News World What happened to Malaysian Airlines flight MH17

What happened to Malaysian Airlines flight MH17

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The Boeing 777-200 disappeared from radar at about 2.15pm local time (12.15am Australian EST) as it flew at an altitude of 33,000 feet.

The plane was hit by a surface-to-air missile as it travelled over the village of Grabovo in the Ukraine near the Russian border. Debris and bodies scattered across several miles, with no presumed survivors.

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The presumed death toll

Malaysia Airlines has updated the official passenger list to 283, up from the previous 280.

Foreign Minister Julie Bishop has confirmed that 27 Australians were on board.

The Ukrainian Goverment has said that it understands delegates bound for an AIDS conference in Melbourne were on the flight.

Who shot down the plane?

There is growing speculation that a Russian separatist movement was behind the shooting, although Ukrainian, Russian and rebel leaders have denied involvement.

Ukrainian President Petro Poroshenko has said he believed a “terrorist act” was responsible, as The UN Security Council organised an emergency meeting for Friday morning.

Comments attributed to a top Ukrainian rebel commander suggest the separatists shot down the plane by mistake, believing it was a large Ukrainian army transport plane.

The intercepted conversation, released by Ukraine’s Security Service, is allegedly between Pro-Russian separatists and the Russian military.

“We have just shot down a plane. Group Minera. It fell down beyond Yenakievo,” reads the translated conversation. “It’s 100 per cent a passenger aircraft.”

News website Mashable is reporting that one of its journalists spoke briefly with Alexander Borodai, self-declared prime minister of Donetsk People’s Republic, after the crash.

Mr Borodai reportedly said, “Look, we don’t have these weapons”, then hung up.

Social media furor

Ukrainian supporters are pointing to social media as proof of rebel involvement.

Commander of the Russian separatists Igor Strelkov, who is widely known by the pseudonym ‘Igor Girkin’, boasted on (Russia’s version of Facebook) 30 minutes after the plane disappeared.

“We have warned them. Do not fly in our sky,” is a translation of the post from the self-proclaimed defence minister of the Donetsk People’s Republic.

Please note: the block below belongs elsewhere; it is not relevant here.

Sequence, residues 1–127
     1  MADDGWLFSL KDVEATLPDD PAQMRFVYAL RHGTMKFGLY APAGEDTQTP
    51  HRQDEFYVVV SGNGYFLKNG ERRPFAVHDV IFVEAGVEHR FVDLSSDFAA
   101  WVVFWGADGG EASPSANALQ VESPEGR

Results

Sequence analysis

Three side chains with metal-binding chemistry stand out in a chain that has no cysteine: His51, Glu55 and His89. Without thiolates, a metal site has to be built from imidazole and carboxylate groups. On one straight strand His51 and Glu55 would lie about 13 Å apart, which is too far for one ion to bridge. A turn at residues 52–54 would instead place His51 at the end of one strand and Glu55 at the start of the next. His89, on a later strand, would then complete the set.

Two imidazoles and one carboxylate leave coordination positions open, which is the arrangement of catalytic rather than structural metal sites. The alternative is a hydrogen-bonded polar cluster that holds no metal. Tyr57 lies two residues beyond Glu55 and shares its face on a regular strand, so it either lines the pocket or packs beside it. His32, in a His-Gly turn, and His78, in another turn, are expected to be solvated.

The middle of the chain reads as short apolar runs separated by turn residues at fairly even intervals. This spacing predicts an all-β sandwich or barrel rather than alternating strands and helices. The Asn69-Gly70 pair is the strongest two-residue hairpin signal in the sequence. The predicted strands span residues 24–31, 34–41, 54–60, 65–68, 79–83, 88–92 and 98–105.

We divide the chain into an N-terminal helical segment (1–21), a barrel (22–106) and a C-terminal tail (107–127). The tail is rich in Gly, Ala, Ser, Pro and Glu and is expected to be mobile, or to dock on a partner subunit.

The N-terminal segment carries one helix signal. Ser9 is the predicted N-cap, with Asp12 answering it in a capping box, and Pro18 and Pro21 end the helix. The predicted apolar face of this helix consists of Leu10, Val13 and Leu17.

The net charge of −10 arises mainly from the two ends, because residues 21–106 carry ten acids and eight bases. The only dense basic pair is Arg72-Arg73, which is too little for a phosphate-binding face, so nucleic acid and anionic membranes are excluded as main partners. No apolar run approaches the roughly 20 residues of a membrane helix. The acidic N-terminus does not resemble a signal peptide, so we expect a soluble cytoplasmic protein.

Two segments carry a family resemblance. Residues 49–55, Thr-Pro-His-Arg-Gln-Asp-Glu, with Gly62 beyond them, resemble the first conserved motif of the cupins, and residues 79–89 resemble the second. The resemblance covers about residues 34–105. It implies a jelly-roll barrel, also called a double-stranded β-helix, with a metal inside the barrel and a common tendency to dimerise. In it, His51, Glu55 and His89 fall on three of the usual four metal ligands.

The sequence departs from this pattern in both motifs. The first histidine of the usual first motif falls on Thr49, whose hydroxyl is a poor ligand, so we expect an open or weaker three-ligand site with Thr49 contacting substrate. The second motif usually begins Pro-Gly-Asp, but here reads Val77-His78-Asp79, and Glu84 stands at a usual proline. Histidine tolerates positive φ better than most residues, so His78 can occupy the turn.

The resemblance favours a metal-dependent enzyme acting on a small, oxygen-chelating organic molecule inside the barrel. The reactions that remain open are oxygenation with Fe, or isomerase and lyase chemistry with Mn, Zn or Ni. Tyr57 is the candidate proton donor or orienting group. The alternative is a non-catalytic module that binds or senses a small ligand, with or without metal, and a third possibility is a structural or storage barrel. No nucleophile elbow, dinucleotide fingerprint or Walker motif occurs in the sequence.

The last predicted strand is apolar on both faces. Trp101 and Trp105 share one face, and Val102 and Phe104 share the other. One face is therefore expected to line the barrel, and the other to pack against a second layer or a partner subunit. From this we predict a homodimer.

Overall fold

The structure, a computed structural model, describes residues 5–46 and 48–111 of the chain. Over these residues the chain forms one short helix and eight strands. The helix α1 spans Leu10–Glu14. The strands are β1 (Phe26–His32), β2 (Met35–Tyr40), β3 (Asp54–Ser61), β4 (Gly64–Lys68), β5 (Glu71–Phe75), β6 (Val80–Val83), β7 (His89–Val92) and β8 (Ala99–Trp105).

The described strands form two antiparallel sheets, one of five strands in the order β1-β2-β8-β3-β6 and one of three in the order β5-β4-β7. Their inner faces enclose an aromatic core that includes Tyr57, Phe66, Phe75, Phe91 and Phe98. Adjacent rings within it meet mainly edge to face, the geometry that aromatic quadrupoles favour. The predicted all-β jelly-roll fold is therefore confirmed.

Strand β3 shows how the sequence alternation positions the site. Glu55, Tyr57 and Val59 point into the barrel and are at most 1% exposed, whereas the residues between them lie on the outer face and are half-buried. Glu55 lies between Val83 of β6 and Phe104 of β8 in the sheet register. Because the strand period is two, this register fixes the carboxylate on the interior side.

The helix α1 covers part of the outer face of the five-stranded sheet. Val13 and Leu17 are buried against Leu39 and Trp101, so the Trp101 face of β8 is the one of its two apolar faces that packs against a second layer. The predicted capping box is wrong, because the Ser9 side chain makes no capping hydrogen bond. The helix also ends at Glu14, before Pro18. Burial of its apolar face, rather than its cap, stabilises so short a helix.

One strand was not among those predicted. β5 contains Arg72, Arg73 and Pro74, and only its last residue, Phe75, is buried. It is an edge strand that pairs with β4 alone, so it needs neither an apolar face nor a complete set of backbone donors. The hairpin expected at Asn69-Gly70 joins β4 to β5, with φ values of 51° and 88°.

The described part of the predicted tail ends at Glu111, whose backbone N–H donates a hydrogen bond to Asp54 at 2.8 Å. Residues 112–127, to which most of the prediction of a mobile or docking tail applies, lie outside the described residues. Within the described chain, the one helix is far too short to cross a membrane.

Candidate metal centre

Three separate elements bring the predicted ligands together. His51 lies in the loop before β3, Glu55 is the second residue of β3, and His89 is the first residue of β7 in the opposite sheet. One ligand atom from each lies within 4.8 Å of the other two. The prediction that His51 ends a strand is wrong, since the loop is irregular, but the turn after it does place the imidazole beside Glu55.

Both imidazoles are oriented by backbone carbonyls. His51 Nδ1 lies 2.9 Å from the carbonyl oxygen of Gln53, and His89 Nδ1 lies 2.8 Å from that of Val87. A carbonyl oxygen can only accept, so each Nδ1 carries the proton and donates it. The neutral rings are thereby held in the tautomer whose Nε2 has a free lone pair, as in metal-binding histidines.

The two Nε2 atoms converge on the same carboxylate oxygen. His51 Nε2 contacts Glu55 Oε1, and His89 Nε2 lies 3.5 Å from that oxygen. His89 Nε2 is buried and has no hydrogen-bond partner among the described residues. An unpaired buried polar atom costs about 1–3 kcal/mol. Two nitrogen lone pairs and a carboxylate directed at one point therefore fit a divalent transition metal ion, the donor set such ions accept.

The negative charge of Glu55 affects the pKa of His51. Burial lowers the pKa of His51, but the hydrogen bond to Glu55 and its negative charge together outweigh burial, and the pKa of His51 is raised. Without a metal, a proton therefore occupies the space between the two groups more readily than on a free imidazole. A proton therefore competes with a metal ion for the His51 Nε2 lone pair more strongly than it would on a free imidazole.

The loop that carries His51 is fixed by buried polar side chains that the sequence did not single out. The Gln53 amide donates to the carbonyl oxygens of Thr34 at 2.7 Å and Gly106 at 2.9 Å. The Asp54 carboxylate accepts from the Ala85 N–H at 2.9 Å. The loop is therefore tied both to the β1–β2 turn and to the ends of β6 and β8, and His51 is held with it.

The post has since been deleted, but is archived here.

Mr Strelkov has since posted an explanation, saying that the news was taken from another social media forum, and was not an official statement from the Donetsk People’s Republic. He also denied any rebel involvement in the crash.

The cause

Independent Western defence experts say both Ukrainian and Russian armed forces possess SA-17 missile launchers capable of reaching an altitude of 20,000 metres (66,000 feet), and that pro-Moscow insurgents may have gotten their hands on one to two surface-to-air missiles when Ukrainian forces retreated.

A launcher similar to the SA-17 missile system, also known as Buk, was seen by AP journalists earlier on Thursday near the eastern Ukrainian town of Snizhne, which is held by the rebels.

Why was the plane in the area?

There is dispute over whether this plane should have been flying over eastern Ukraine at all. It was travelling above rebel-held territory near Donetsk where Pro-Russian separatists have shot down several aircraft in recent weeks.

As recently as Thursday, a Ukrainian fighter jet was reportedly shot down. A military transport plane was also downed on Tuesday, according to the Ukrainian Government.

Malaysian Prime Minister Razak has said that the route was declared safe by the International Civic Aviation Organisation (ICAO).

The ICAO has now formally closed airspace in the east of Ukraine, prompting questions as to why it had not taken this action sooner.

A graphic from shows the avoidance of airspace above Ukraine.
A graphic from shows the avoidance of airspace above Ukraine.

What was used?

There is speculation that a Soviet-built Buk surface-to-air missile was used.

This is because MH17 was reportedly flying at 30,000 feet. Helicopters and aircraft shot down by rebels in recent weeks were downed by shoulder-fired portable missiles, which would not have been able to reach this height.

The other possibility is that a jet fighter, under the control of either Ukrainian or Russian, shot down the flight. But as yet there is no indication of any military aircraft in the area at the time.

The recovery begins

Separatist rebels and locals have begun tentative recovery efforts, bringing fire engines to put out blazes.


Akmar Binti Mohd Noor, 67, whose sister was onboard MH17.